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At 26, saxophonist Mark Shim is living a dream life. Born in Jamaica, he moved to the US at age five. As a young man he was ‘discovered’ by baritone saxophonist Hamiet Bluiett. He was soon a member of The David Murray Big Band, Betty Carter’s band, and the Mingus Big Band. His first recording, Mind Over Matter paired our hero with jazz punk guitarist Dave Fiuczynski. His toying with jazz tradition earned critical acclaim and a spot in the jazz supergroup New Directions. Their self-titled 1999 release led by the old man Greg Osby featured covers of classic Blue Note releases. Shim alongside pianist Jason Moran and vibraphonist Stefon Harris drew rave reviews from their subsequent tour.
Shim rides this wave of popularity on his second date as leader. Once again forsaking a strict tradition he boosts a lineup that includes Edward Simon playing the electric Rhodes piano on three tracks and vibraphonist Stefon Harris taking up the marimba on two. Not that these are exotic instruments, but that Shim uses them with great effectiveness. On “Don’t Wake The Violent Baby” Simon creates an ethereal electric atmosphere for the tender saxophone touch of Shim. Harris’ marimba trades bony blows with a most aggressive tenor on “Survival Tactics.” Shim adopts the stylings of both Joe Henderson and Joe Lovano, but mostly he is developing his own style. Like an NBA rookie, he has all the textbook moves and is quietly revealing some of his own.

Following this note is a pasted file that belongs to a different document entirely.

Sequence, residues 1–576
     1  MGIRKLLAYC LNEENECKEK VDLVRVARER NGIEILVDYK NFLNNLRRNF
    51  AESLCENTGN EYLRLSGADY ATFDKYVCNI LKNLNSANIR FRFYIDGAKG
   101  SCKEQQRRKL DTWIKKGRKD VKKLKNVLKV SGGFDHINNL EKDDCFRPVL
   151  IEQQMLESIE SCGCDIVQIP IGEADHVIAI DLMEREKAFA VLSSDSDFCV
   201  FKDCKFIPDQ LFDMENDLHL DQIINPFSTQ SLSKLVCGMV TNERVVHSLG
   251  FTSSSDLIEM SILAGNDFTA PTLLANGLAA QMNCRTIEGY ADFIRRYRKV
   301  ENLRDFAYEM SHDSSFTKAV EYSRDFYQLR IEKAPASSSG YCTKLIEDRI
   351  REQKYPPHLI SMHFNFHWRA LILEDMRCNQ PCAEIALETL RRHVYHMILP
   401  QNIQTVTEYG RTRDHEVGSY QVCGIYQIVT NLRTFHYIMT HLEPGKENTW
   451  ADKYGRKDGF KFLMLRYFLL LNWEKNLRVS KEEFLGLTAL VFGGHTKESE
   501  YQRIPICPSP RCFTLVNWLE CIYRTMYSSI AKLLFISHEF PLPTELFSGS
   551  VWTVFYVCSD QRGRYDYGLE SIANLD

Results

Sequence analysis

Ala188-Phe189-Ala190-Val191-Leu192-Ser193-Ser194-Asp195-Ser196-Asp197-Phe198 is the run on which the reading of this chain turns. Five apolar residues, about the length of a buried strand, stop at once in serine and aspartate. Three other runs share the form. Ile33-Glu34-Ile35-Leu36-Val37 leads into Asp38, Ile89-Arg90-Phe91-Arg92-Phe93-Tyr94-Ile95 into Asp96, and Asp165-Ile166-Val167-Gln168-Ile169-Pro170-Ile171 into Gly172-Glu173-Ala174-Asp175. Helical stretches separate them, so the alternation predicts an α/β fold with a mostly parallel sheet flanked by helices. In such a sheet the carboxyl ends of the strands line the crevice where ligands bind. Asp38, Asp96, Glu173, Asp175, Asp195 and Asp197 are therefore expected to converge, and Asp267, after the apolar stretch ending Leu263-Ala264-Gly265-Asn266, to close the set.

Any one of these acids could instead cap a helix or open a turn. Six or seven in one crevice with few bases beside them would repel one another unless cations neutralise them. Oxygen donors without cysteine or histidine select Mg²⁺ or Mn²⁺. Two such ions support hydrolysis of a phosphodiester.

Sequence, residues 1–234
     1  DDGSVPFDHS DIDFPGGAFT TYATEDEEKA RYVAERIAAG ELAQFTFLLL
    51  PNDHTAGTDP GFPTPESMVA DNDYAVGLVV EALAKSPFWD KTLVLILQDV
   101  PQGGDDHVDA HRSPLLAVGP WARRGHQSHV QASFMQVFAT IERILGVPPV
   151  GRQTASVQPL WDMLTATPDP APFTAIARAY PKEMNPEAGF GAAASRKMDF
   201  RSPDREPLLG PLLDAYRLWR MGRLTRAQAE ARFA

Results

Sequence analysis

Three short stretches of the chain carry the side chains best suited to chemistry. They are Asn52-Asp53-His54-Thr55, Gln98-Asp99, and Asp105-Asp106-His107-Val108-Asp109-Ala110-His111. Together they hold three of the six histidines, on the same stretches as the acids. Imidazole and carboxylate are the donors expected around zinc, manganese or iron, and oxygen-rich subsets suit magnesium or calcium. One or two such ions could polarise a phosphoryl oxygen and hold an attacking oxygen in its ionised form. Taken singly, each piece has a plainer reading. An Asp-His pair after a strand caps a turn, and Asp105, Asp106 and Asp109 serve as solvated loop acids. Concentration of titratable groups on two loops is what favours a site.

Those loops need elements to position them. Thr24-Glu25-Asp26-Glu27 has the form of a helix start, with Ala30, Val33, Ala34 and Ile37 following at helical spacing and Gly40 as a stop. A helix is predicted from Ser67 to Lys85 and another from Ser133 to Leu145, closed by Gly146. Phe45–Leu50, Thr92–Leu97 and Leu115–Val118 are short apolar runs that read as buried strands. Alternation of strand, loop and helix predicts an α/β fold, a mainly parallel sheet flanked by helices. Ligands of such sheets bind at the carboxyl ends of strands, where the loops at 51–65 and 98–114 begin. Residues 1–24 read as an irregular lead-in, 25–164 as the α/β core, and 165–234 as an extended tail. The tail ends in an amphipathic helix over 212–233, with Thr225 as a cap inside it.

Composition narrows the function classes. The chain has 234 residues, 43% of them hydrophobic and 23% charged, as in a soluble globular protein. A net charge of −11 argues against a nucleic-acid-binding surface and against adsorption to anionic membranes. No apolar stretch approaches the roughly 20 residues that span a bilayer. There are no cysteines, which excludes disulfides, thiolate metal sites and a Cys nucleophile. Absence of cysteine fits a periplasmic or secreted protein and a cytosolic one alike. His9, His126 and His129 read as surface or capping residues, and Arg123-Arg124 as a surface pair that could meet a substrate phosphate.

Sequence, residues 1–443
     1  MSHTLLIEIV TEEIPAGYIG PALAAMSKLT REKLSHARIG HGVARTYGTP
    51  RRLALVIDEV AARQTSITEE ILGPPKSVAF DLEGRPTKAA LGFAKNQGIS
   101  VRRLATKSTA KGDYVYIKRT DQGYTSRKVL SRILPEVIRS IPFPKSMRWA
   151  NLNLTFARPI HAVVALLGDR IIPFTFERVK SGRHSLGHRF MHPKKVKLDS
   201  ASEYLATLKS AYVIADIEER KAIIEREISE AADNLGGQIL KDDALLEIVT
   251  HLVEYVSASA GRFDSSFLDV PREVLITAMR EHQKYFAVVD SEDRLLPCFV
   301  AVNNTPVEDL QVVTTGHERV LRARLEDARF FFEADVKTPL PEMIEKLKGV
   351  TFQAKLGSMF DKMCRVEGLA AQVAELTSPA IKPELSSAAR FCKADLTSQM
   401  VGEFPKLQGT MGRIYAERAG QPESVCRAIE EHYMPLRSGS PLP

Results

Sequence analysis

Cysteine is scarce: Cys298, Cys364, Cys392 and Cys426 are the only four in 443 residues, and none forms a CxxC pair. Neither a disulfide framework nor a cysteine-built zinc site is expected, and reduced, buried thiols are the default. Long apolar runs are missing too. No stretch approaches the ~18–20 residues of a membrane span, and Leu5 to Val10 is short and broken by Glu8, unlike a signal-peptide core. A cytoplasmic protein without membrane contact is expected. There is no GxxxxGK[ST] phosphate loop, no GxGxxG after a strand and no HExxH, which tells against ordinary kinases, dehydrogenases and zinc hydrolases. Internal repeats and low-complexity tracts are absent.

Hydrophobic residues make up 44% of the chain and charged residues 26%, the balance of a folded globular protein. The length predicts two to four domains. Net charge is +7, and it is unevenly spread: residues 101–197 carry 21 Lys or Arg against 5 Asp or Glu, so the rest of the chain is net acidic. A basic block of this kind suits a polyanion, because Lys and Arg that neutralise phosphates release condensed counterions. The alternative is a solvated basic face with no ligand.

Track List:Turbulent Flow; Recorda Me; Christel Gazing; Survival Tactics; Don’t Wake The Violent Baby; Dirty Bird; Scorpio; Jive Ones; Eminence.
As a songwriter and vocalist, I love jazz for the experience of being in the center of intense creativity. It is the most potent form of music for keeping the artist and the audience in the 'now. Being in the moment is essential for humans, and we need help in learning how to do that. As a songwriter, I need the depth of musicality that jazz voicings can give my stories. My songs seem light and whimsical, but the message is not.
I met my main collaborator, Mark Fitzgibbon, at one of his gigs. I needed to do my first original album, and his playing was masterful, robust, and beautiful. At the time, I didn't realize how suited we were as a team. We're onto our 4rth album together.
My advice to new listeners is to listen to a really clear and simple version of a song so you can then hear what the musicians are doing and enjoy their creativity and musicality. Also, you have to see jazz live to appreciate it fully. You'll never feel it the same way listening to a CD or online. You need the vibration to go through your body to really get it!
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